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Identification and Characterization of Natural Sources of Perchlorate
Dr. Gregory Harvey | U.S. Air Force
Perchlorate (ClO4-) has both synthetic and natural sources. Stable isotope analysis of O (δ18O, δ17O) and stable (δ37Cl) and radioactive (36Cl) isotope analysis of Cl in ClO4- allows natural and synthetic ClO4- to be distinguished from each other and provides information on the potential origin(s) of natural ClO4-. The goal of this research effort was to develop an improved understanding of (1) the distribution and isotopic characteristics of natural ClO4- worldwide, (2) the mechanisms of natural ClO4- production, and (3) the contributing processes resulting in the ubiquitous distribution of this anion and its stable isotope characteristics in soils, groundwater, and vegetation.
In order to achieve these goals, several different laboratory and field research tasks were undertaken. These objectives and tasks were designed to fill existing data gaps on the production, distribution and isotopic characteristics of natural ClO4-. The first tasks were designed to improve our understanding of ClO4- distribution, significant environmental ClO4- production mechanisms and the stable isotopic signature of the produced ClO4-. These tasks included the following: (1) determination of the isotopic signature of ClO4- produced by O3 and ultra violet (UV) oxidation of Cl- and relevant ClOx species; (2) development of an improved understanding of the occurrence and isotopic signature of natural ClO4- and its relationship with NO3- and other anions in arid and semi-arid environments worldwide; and (3) evaluation of the potential for microbial production of ClO4. A second set of tasks were designed to better understand plant accumulation of environmental ClO4-, whether its isotopic signature is altered during uptake and accumulation, and/or whether plants can generate ClO4- via an O3-mediated mechanism.
The results from a range of different laboratory studies evaluating ClO4- formation mechanisms confirm that there are multiple potential pathways of ClO4- generation from both UV-photolysis and O3-mediated oxidation of Cl- and other ClOx precursors. Laboratory studies were successful in producing Cl and O isotopic variations in ClO4- that incorporate much of the reported stable isotope variation in natural ClO4-. Data indicate that final ClO4- isotopic composition is dependent on the precursor species oxidized. The reaction rates and intermediate species proposed to be involved in ClO4- formation require further study and additional experiments are required to resolve the reason for the enigmatic low δ37Cl values of Atacama ClO4- (Chile), but significant progress was made in constraining pathways of ClO4- production in nature by application of stable isotope analysis.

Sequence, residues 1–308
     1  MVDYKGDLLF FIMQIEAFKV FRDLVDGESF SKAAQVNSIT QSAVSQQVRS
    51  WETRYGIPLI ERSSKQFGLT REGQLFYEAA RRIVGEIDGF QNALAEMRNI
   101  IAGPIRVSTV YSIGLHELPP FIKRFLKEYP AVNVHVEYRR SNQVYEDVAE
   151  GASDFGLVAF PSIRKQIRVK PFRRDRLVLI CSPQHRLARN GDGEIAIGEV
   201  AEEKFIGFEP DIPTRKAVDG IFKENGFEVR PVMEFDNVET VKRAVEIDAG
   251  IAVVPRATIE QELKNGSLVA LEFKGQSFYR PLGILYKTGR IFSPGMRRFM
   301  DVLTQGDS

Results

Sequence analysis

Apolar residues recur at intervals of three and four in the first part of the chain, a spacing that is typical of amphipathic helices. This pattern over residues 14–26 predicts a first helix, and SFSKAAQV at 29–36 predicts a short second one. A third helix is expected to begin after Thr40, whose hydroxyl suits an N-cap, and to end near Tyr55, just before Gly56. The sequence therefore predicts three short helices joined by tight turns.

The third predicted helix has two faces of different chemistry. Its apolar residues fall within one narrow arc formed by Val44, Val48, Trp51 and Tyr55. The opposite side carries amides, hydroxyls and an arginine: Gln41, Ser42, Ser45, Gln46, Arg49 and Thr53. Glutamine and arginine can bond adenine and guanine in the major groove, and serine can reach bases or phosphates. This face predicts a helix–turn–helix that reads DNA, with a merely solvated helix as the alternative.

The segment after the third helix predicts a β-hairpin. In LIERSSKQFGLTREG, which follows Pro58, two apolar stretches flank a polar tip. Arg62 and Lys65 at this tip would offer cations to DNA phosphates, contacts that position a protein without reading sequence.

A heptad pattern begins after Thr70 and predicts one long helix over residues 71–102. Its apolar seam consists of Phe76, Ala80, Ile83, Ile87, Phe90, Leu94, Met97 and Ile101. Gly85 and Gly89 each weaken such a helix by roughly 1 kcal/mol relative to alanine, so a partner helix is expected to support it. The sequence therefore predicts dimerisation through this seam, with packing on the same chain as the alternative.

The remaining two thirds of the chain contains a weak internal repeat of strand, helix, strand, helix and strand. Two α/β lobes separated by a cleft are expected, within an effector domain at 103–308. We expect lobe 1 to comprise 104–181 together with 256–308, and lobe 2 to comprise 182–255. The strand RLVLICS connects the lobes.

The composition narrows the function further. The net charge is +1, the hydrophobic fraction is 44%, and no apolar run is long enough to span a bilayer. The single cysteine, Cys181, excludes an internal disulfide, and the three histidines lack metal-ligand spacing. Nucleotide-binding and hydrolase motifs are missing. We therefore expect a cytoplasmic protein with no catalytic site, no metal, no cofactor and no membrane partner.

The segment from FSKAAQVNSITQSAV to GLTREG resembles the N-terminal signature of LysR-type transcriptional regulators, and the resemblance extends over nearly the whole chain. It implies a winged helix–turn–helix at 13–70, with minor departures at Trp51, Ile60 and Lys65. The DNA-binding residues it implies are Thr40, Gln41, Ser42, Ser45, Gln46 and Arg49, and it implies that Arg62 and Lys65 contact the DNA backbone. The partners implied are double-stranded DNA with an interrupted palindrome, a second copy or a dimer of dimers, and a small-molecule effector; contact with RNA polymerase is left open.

Soil and groundwater sampling was conducted worldwide (including the continental US, South Africa, South America, China, Antarctica, and the Middle East) to evaluate concentrations of ClO4- and its relationship with common co-occurring anions such as Cl- and NO3- among others. The data indicate that ClO4- is globally distributed in soil and groundwater in arid and semi-arid regions on Earth at concentrations ranging from 10-1 to 106 µg/kg. Generally, the ClO4- concentration in these regions increases with aridity index, but this also depends on the duration of arid conditions. In many arid and semi-arid areas, NO3- and ClO4- co-occur at consistent ratios (NO3-/ClO4-) that vary between ~104 and ~105. This is not the case for Cl-/ClO4- ratios, which vary widely among locations. The NO3-/ClO4- ratios are largely preserved in hyper-arid areas that support little or no biological activity (e.g. plants or bacteria), but can be altered in areas with more active biological processes.